‘Saddened by three-language formula in NEP 2020, won’t allow it’: Tamil Nadu CM Palaniswami
Palaniswami’s statement comes in the backdrop of opposition to the NEP 2020 in Tamil Nadu on the grounds that the policy allegedly imposes Hindi and Sanskrit.Updated: Aug 03, 2020 11:50 IST
Tamil Nadu chief minister Edappadi K Palaniswami said on Monday that he is saddened by the three-language formula adopted by the central government in the recently-announced National Education Policy (NEP) 2020.
“We are saddened by the three-language formula introduced by the central government in National Education Policy (NEP) 2020. Our state is already following two-language policy (of Tamil and English) for decades and there will be no changes in it,” Palaniswami said after chairing a cabinet meeting in Chennai.
“I request Prime Minister to pay heed to the unanimous demand of the people of Tamil Nadu to reconsider the three language policy and allow states to make a decision as per their own policy,” he further said.
Palaniswami’s statement comes in the backdrop of opposition to the NEP in Tamil Nadu on the grounds that the policy allegedly imposes Hindi and Sanskrit.
The MK Stalin-led Dravida Munnetra Kazhagam (DMK) and many Opposition parties in Tamil Nadu have opposed the new education policy and want a review of the sweeping reforms it has proposed.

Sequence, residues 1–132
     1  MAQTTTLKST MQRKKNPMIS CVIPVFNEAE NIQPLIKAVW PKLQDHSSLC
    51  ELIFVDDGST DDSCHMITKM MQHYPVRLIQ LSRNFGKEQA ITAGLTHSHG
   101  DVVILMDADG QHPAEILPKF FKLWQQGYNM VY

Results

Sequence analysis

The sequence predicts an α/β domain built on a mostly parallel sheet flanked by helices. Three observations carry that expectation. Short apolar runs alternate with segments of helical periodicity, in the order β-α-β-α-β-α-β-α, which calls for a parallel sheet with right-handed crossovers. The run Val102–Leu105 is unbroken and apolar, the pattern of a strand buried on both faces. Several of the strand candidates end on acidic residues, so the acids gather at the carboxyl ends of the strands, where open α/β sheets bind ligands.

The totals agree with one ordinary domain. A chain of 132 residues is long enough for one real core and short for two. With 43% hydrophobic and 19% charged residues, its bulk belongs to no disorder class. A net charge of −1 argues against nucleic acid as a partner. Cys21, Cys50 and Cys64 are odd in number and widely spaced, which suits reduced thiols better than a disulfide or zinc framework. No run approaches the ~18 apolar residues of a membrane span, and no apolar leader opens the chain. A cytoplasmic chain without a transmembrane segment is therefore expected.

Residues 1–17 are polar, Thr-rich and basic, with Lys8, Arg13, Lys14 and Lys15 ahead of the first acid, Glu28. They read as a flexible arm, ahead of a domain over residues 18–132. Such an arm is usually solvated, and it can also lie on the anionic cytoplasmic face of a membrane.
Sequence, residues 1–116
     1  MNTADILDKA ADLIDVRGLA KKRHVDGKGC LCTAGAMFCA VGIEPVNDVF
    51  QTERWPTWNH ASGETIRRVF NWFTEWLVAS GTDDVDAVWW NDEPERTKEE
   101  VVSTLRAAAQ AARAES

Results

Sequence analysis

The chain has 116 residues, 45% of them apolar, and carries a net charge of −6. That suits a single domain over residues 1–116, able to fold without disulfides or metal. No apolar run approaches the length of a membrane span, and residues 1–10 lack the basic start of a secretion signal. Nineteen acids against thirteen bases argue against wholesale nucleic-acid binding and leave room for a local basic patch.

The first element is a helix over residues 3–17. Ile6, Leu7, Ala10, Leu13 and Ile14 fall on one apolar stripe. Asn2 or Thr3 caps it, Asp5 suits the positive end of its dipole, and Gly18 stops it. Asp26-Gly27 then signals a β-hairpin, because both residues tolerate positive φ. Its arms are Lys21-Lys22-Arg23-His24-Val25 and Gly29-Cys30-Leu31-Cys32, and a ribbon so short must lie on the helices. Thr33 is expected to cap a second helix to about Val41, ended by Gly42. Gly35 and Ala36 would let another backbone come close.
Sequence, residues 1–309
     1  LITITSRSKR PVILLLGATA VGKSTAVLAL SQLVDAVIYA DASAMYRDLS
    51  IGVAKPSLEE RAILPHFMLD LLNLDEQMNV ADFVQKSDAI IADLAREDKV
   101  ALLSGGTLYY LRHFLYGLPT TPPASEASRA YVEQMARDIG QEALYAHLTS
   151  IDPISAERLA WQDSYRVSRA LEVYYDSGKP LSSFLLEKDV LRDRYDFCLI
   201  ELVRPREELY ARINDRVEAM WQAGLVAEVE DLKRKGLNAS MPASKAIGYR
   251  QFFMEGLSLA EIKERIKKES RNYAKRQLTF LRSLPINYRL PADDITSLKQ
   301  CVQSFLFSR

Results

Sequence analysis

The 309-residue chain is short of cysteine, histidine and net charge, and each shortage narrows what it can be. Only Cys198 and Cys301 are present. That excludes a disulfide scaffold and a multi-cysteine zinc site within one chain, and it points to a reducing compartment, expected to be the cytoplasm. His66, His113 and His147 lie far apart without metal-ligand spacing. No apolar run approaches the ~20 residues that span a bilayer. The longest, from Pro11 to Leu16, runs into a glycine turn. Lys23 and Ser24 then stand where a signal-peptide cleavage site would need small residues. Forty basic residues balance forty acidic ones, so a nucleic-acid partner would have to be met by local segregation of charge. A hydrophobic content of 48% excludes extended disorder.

Union education minister Ramesh Pokhriyal Nishank had said on Sunday that the Centre will not impose any language on any state through NEP. Nishank posted the clarification through a tweet in Tamil while replying to former Union minister from Tamil Nadu Pon Radhakrishnan.
“I once again like to insist that the Central government will not impose any language on any state,” Nishank said.
On Saturday, the DMK chief said the policy was an attempt at alleged imposition of Hindi and Sanskrit and vowed to fight against it by joining hands with like-minded political parties and chief ministers of other states.
Puducherry chief minister V Narayanasamy has also termed the NEP as “chaotic” and said it has several unanswered questions. He claimed that the policy has no specific and clear direction on promoting employment and has also not clarified whether the financial responsibility to implement it would fall on the state governments.
“What is relevant for northern States cannot be taken as suitable for the southern states,” Narayanasamy said.
Charging the Centre with seeking to “impose” Sanskrit through NEP, he also said it was fomenting ‘confusion’.